“But whether the authority and position of an individual Judge or the due administration of justice is concerned, no wrong is committed by any member of the public who exercises the ordinary right of criticising in good faith, in private or public, the public act done in the seat of justice. The path of criticism is a public way: the wrong headed are permitted to err therein: provided that members of the public abstain from imputing improper motives to those taking part in the administration of justice, and are genuinely exercising a right of criticism and not acting in malice or attempting to impair the administration of justice, they are immune, Justice is not a cloistered virtue: she must be allowed to suffer the scrutiny and respectful, even though outspoken, comments of ordinary men”
And the similar sentiments of Lord Denning, MR, on the right to criticise the Judiciary:
“It is the right of every man, in Parliament or out of it, in the press or over the broadcast, to make fair comment, even outspoken comment, on matters of public interest. Those who comment can deal faithfully with all that is done in a Court of Justice. They can say we are mistaken, and our decisions erroneous, whether they are subject to appeal or not.” (R –v- Commissioner of Police of the Metropolis 1968, 2Q.B. 150 at 154)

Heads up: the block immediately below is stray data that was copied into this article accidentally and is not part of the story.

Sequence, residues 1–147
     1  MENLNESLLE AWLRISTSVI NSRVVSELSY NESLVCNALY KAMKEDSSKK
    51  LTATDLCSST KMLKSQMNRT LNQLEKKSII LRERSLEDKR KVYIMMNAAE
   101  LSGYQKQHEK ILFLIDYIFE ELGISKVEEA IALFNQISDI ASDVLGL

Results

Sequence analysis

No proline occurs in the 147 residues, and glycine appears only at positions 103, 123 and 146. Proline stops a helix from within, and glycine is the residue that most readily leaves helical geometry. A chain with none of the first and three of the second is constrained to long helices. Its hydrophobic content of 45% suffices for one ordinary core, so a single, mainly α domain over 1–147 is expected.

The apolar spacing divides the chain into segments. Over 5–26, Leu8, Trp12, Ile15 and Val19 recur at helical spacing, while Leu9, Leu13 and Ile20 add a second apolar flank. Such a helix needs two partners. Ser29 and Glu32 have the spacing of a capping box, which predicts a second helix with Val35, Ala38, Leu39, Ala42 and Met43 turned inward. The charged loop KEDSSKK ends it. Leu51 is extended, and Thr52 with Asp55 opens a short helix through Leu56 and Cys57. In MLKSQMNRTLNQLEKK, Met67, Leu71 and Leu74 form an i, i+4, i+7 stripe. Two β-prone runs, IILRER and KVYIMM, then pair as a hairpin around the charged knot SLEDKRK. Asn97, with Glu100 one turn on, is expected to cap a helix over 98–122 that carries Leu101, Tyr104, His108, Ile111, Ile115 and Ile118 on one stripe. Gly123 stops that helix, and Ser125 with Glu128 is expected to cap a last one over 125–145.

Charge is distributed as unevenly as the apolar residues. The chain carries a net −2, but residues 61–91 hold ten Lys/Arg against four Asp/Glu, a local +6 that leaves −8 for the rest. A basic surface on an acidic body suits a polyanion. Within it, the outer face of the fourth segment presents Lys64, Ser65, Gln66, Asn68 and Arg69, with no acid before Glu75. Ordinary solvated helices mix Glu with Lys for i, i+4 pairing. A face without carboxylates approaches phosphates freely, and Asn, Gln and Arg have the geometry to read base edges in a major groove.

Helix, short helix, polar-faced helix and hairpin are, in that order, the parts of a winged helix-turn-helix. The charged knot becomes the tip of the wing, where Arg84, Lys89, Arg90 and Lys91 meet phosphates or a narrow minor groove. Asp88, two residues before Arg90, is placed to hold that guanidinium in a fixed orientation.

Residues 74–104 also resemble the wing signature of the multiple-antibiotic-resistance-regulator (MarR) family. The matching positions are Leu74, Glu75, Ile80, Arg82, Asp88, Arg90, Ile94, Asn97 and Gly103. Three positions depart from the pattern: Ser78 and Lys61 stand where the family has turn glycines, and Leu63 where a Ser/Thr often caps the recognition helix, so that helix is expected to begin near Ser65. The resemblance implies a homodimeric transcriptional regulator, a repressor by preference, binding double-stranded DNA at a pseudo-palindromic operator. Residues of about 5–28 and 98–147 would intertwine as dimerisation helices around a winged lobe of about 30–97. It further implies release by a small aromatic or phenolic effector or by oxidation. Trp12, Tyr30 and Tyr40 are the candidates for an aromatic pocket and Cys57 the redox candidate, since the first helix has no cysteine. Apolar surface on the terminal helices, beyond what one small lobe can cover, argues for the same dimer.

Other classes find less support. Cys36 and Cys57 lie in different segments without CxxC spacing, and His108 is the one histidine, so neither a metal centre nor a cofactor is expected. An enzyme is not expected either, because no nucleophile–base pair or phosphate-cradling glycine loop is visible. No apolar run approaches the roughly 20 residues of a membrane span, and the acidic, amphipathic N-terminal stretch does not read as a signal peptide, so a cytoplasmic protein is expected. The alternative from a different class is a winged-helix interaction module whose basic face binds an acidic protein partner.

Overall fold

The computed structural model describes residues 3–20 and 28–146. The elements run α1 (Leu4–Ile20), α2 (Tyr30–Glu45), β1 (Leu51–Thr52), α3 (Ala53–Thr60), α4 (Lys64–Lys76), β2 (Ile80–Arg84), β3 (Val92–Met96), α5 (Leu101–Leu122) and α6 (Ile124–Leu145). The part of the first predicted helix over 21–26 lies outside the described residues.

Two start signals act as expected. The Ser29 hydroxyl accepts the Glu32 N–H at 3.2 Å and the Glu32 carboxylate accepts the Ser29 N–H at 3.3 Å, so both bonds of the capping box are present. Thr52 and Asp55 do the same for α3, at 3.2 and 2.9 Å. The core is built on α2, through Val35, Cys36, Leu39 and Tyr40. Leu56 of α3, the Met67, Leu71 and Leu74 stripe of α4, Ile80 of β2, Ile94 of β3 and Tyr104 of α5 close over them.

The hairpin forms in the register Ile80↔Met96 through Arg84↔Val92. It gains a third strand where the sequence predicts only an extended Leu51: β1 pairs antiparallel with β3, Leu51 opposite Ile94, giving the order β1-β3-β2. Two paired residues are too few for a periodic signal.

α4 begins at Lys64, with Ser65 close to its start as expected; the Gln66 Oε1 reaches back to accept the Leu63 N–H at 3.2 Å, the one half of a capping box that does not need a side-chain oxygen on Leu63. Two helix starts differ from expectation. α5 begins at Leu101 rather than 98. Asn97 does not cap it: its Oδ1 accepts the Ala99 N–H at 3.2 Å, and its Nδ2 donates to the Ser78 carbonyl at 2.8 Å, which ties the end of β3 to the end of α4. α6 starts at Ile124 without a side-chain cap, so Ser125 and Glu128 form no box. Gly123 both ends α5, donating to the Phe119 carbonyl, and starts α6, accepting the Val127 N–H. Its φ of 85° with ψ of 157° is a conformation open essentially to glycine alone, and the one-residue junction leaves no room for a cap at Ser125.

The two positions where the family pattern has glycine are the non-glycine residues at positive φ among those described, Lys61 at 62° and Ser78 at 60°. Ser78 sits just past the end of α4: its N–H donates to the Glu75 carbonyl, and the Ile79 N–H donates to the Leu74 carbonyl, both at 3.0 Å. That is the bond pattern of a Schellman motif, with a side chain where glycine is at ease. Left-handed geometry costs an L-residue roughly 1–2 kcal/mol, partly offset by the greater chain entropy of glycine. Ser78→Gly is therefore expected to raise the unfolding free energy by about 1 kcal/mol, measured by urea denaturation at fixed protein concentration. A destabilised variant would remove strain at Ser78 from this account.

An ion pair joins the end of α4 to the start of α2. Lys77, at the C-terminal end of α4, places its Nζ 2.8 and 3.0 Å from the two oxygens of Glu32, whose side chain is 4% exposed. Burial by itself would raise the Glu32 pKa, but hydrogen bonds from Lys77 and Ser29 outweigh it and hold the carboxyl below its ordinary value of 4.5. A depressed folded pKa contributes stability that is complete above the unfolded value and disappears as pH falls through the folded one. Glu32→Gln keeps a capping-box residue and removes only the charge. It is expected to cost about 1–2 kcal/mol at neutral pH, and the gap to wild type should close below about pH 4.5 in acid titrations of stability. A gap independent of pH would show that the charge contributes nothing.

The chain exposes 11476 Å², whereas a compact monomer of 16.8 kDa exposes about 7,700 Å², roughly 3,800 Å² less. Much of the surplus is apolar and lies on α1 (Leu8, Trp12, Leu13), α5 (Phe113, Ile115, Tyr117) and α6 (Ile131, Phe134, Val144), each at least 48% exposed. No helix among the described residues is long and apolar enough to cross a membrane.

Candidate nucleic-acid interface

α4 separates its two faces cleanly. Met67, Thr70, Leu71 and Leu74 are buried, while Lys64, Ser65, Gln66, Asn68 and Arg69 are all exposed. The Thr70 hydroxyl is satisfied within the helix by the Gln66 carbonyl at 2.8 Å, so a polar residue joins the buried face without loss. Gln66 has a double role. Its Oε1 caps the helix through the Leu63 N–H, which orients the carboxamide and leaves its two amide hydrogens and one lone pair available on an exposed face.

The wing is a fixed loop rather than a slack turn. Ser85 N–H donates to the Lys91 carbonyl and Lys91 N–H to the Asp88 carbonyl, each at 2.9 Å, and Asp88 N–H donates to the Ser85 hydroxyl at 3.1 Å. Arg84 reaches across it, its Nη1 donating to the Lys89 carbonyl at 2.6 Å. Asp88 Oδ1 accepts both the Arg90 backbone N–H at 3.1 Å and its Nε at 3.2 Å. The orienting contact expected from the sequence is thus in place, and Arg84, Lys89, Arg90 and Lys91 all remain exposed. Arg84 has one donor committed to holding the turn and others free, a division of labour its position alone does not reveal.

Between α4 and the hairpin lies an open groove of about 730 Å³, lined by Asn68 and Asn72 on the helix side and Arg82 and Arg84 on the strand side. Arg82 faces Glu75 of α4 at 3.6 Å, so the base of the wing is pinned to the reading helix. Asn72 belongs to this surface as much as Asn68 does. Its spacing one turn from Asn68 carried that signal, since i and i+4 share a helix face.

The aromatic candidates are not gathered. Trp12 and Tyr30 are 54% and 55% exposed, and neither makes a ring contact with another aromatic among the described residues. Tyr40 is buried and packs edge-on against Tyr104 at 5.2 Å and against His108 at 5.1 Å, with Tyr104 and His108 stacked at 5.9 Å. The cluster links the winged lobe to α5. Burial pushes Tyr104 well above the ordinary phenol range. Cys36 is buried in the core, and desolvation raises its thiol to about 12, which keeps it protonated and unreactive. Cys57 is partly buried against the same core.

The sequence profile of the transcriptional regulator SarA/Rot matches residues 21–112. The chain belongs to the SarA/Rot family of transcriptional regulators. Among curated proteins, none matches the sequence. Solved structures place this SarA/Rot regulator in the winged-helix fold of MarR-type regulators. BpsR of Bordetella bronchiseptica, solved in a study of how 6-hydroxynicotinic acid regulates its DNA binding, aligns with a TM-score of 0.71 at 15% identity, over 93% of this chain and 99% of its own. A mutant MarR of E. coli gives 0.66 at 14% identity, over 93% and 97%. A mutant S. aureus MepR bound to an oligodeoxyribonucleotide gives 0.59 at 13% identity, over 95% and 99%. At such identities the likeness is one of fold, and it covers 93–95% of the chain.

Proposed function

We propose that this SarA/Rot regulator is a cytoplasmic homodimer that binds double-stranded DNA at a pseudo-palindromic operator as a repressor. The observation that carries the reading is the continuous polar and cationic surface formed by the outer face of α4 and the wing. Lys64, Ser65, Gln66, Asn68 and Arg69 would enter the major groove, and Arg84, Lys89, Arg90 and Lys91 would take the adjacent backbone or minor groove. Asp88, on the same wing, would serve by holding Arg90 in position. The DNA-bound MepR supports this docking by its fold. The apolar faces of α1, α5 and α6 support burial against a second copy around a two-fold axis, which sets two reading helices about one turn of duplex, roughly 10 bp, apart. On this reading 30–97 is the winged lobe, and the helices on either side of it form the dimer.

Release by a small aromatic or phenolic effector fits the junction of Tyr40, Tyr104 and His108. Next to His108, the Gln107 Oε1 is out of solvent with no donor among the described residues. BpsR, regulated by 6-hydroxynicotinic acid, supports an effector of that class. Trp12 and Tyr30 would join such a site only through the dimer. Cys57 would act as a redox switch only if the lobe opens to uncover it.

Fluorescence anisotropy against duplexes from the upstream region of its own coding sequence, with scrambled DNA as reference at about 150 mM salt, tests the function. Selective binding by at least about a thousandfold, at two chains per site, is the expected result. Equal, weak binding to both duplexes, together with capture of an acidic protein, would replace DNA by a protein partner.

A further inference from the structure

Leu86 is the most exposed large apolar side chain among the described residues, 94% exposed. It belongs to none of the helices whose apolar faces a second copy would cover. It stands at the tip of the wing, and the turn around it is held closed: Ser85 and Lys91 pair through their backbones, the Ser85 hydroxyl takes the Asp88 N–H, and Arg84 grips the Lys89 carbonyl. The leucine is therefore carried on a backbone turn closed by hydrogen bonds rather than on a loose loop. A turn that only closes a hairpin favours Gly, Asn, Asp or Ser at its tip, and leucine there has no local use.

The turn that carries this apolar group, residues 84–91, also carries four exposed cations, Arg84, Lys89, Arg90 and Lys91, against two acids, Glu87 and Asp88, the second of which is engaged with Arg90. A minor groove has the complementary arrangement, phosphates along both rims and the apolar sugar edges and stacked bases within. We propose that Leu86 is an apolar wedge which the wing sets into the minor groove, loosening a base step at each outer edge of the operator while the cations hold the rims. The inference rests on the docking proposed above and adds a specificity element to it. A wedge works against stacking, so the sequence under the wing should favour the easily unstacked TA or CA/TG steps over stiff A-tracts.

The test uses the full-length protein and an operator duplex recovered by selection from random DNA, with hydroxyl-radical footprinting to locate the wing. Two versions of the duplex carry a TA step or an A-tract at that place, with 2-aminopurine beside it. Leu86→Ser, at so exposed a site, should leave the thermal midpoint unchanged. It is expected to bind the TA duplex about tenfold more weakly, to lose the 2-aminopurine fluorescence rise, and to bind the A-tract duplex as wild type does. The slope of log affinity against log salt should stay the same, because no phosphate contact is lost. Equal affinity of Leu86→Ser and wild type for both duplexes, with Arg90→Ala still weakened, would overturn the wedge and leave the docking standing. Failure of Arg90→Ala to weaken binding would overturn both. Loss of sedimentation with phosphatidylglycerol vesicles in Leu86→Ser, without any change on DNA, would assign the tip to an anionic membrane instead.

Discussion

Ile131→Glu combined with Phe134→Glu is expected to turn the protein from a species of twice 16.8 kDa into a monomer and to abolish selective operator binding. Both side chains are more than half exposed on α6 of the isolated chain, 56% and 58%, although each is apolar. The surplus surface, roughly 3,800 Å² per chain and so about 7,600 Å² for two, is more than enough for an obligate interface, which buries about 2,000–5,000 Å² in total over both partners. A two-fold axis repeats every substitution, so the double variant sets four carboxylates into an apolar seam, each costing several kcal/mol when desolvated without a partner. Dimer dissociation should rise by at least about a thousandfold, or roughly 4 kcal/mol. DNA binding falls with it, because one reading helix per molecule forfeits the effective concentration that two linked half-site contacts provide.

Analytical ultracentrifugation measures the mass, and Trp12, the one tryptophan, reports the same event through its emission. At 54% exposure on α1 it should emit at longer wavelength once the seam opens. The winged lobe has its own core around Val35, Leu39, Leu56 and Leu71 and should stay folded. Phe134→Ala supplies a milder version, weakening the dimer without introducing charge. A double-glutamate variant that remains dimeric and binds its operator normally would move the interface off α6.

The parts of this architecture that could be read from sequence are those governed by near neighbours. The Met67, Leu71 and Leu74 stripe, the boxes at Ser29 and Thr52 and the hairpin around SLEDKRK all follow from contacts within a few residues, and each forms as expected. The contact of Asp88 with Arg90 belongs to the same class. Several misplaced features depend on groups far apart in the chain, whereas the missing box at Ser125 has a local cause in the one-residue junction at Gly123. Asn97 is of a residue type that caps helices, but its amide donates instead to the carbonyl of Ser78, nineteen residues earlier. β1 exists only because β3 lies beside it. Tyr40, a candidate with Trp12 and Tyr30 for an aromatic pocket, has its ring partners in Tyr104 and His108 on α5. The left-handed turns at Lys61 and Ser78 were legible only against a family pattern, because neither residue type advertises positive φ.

It is my view that the information which the newspaper was prohibited from publishing, are indeed matters of public interest. It involves public funds. The disclosures are from public records. Even the trial itself, is a public hearing under Article 144 (9) of the Constitution of Guyana. I recall the thousands of cases before which received wide and glaring coverage in the press without a like prohibition from a judge or anyone else.
I respectfully feel that the order issued by the learned judge cannot be supported by legal principles. It is my respectful opinion that it is a misuse, if not an abuse, of the “subjudice” principle. I am fortified in this view by the decision in the landmark English case,Wallersteiner –v- Moir. (1947) 1 WLR 991.In this case, a director of a company tried to stop criticisms of him by shareholders. He issued a writ against them. He then sought to shut them up by contending that the matter was “sub judice.”Lord Denning posited the law to be thus, at page 1004- 1005: